9. Robert says:

    And here is yet another study that supports your views. In mid-1997 at about 3am on an interstate highway, during a rainstorm, I was attending an imminent birth and the EMT was driving, lights and sirens, at 10mph above the posted speed limit. Technichally, she was right according to company policy.The lights caused a glare on the road and windshield, causing her not to see a vehicle that had wrecked moments before we arrived at the same piece of road. Our ambulance hit the car broadside and killed an otherwise shaken but uninjured lady. The lights actually hindered us in that situation and only helped in the sense that the bystanders had more time to dive for safety as we crested the small hill.

  10. Robert says:

    I forgot to put the whole reason I placed that last comment. I am getting a bit senile in my old age. Since that incident, I have CAREFULLY weighed my options and have found that in almost all cases, excepting gridlocked rush hour traffic, lights and sirens do nothing but frighten patients and other drivers as well as give me a headache. I also spend an inordinate amount of time worrying about what is happening up front as opposed to what is happening in the patient compartment!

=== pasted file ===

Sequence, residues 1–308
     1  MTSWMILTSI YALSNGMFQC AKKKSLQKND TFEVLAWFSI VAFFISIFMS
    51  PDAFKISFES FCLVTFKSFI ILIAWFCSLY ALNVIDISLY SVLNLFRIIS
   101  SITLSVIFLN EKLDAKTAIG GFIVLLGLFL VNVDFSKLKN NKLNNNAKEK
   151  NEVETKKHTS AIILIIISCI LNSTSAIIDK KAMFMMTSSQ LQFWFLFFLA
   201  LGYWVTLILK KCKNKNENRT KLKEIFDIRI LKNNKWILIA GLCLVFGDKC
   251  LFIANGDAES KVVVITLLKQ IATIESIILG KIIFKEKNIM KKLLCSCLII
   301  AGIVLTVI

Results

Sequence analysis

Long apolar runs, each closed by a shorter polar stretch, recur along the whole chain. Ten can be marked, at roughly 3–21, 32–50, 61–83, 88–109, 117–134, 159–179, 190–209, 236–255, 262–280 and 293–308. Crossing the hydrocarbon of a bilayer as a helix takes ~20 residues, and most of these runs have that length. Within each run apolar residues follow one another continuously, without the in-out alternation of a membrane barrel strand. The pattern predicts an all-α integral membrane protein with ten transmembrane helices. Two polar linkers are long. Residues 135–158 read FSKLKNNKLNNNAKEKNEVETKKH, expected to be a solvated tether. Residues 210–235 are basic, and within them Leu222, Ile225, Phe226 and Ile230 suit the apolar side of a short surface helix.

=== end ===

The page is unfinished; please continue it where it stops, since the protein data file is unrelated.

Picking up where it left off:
11. Unknown says:

    Hi Dan Totally agree about the use of Lights and sirens. Running hot to hospital is only ,I think, applicable to a tiny group of patients. This subset are more than likely critically ill and might benefit from those precious few minutes. My system doesn\’t even run to that many jobs on lights. That way you are only using these devices for people that actually need them and are ensuring staff and public safety. The other benefit is that for those calls where people aren\’t sick or have called inappropriately. You arrive in good time but are not in a bad frame of mind. You deal with these calls but without the shouting match that they can descend into. I\’ve been thrown around in the back enough times to hate it. I know its doing no good for the patient or me. I find it amazing that there are organisations that have such little regard for their staff or the public. I still think driving on lights and sirens is a skill. One that should be done smoothly, safely and progressively but only used when necessary. Take care,PeteH.